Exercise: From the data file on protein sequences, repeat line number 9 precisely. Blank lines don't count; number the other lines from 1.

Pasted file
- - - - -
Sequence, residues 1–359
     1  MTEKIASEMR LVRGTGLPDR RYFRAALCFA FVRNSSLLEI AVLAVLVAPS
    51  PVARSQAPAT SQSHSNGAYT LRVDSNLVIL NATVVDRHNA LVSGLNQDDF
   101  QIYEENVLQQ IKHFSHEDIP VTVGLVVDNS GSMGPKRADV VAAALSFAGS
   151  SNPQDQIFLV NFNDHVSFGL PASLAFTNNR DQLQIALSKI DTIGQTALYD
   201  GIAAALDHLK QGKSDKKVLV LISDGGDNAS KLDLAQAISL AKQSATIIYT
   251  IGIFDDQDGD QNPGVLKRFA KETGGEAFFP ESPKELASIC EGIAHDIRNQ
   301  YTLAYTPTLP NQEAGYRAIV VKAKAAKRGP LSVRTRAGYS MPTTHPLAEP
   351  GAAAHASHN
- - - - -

   351  GAAAHASHN